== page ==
As race day approached, everyone was getting their excuses ready – with some even going so far as to spend time in hospital. The preparation for those involved was mixed, and evening races can be quite awkward to judge. What should I eat? When should I eat it? When should I stop eating? How much ‘work’ should I do during the day? Weekend races, on the other hand, are simple affairs where you just get up, have your breakfast and go; they utilise tried and tested regimes that have been perfected over time.

So as we were stuck in traffic en route to the race, the rainclouds started to gather, talking to us during our preparations and distracting us from our pre-race routine. We arrived at the race HQ soaked from the walk from the car, but had to get ready to race, so warmed up on the soggy grass track, while becoming wetter with every stride.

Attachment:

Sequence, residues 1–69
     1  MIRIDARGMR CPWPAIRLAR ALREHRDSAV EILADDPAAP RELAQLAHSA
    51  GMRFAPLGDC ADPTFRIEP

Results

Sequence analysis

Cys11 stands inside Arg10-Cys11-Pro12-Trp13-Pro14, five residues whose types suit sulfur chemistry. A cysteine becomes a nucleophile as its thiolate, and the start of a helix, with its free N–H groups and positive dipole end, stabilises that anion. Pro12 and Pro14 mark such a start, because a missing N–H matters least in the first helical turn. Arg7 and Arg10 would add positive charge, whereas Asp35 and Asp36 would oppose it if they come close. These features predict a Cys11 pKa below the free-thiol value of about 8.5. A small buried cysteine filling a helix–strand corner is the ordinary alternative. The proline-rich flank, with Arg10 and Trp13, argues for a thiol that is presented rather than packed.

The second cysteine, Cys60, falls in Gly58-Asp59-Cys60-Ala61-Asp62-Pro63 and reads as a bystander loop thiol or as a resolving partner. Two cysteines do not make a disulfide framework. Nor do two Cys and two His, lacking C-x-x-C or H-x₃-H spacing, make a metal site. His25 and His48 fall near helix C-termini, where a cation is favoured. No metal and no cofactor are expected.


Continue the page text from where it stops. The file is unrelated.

We were called to the start line, about 10 minutes before the start, as the rain continued, and as we became more cold and miserable, at least our minds were being taken off the task in hand. But eventually the race started. I executed my start plan perfectly – sprint to the sharp corner 30m from the line to avoid the hordes and settle in from there. That was the easy part.